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December 4, 2014


Office of Commission Clerk (Stauffer)


Division of Economics (Draper, Rome)

Office of the General Counsel (Janjic)


Docket No. 140190-GU – Petition for approval of transportation service agreement for an extension in Palm Beach County with Florida Public Utilities Company, by Peninsula Pipeline Company, Inc.


12/18/14Regular Agenda – Proposed Agency Action - Interested Persons May Participate


All Commissioners






Place this item next to the item for Docket No. 140189-GU on the Agenda


 Case Background

On September 30, 2014, Peninsula Pipeline Company, Inc. (Peninsula) filed a petition seeking approval of a firm transportation service agreement (Agreement) between Peninsula and Florida Public Utilities Company (FPUC) for an extension in Palm Beach County.  Peninsula operates as a natural gas transmission company as defined in Section 368.103(4), Florida Statutes (F.S.).[1]


In Order No. PSC-07-1012-TRF-GP[2] Peninsula received approval of an intrastate gas pipeline tariff that allows it to construct and operate intrastate pipeline facilities and to actively pursue agreements with gas customers.  Peninsula provides transportation service only, and does not engage in the sale of natural gas.  Pursuant to Order No. PSC-07-1012-TRF-GP Peninsula is allowed to enter into certain gas transmission agreements without prior Commission approval.  However, Peninsula is requesting Commission approval of this Agreement as it does not fit any of the criteria enumerated in the tariff for which Commission approval would not be required.[3]  Both Peninsula and FPUC are subsidiaries of Chesapeake, and agreements between affiliated companies must be approved by the Commission pursuant to Section 368.105, F.S., and Order No. PSC-07-1012-TRF-GP.

  Peninsula is seeking to extend its existing infrastructure at the Port of Palm Beach in the city of Riviera Beach, Palm Beach County, Florida.  During its evaluation of the petition, staff issued a data request to both Peninsula and FPUC for which responses were received on October 29, 2014.  The Commission has jurisdiction over this matter pursuant to Sections 366.05(1), 366.06, and 368.105, F.S.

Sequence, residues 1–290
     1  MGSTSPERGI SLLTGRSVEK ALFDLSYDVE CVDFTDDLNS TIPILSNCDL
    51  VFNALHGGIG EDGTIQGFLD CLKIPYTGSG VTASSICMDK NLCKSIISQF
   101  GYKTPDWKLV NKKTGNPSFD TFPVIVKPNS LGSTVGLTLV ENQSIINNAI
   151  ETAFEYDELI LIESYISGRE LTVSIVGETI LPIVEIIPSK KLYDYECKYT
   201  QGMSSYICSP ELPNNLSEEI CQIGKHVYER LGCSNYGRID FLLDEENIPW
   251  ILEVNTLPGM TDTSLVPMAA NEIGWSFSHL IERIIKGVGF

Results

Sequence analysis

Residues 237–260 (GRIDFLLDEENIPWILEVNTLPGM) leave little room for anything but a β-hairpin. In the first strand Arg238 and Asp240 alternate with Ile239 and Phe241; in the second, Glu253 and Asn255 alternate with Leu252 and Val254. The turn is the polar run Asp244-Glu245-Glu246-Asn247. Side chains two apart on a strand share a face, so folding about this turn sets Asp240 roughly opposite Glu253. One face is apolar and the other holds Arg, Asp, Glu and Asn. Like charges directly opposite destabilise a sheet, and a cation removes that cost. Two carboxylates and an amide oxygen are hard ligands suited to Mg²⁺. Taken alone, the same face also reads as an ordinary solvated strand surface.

Discussion of Issues

Issue 1

  Should the Commission approve the Transportation Service Agreement between Peninsula and FPUC dated September 26, 2014, for an extension in Palm Beach County?


 Yes.  The Commission should approve the Transportation Service Agreement between Peninsula and FPUC dated September 26, 2014, for an extension in Palm Beach County.  (Draper, Rome)

Staff Analysis

 The proposed Agreement provides for three projects Peninsula will undertake at the Port of Palm Beach (Port) and will be in effect for an initial period of 20 years.  Peninsula explained in the petition that the Port has started construction to support anticipated growth and redevelopment.  Delivery pressure in and around the Port on FPUC’s distribution system is currently limited and FPUC therefore is not able to serve any potential new customers on this part of the existing distribution system. 

Peninsula’s proposed projects interconnect to the Riviera Lateral Peninsula acquired in September 2013 from the Florida Gas Transmission Company (FGT).  The 5.4 mile Riviera Lateral interconnects FPUC’s distribution system to FGT’s interstate pipeline system.  Subsequent to Peninsula’s purchase of the Riviera Lateral, Peninsula and FPUC executed a transportation service agreement[4] providing for deliveries of natural gas received from FGT to FPUC’s distribution system through the Riviera Lateral.  Peninsula’s three new projects are discussed in more detail below and are shown in the map provided in Attachment A.

First, Peninsula will inspect, test, and reactivate 800 feet of an existing 12 inch steel pipe that extends across the southern boundary of the Port.  This pipe is part of the Riviera Lateral that was cut and capped during Peninsula’s acquisition of the lateral from FGT.  Reactivating the line will alleviate the pressure issues FPUC has been experiencing around the Port.  In response to staff’s data request, FPUC explained that Peninsula’s activation of that pipe is more cost effective than FPUC installing a new pipe.   

Second, Peninsula will install a new interconnection at the midpoint of the reactivated pipe and install 820 feet of 12 inch steel pipe north across the Port property to FPUC’s facilities serving the existing and potential new customers at the Port.  The existing customer is currently served by a 4 inch lower pressure plastic main owned by FPUC, which is undersized as the customer has increased consumption.  In addition, the Port has given FPUC notice that it must relocate its 4 inch main as the Port needs the space.  FPUC explained in response to staff’s data request that FPUC evaluated a self build project and concluded that there is no cost difference between FPUC’s cost to abandon the 4 inch plastic main and construct the 12 inch steel pipe north through the Port and Peninsula’s cost of the project.  FPUC stated that it will remove the 4 inch main from rate base.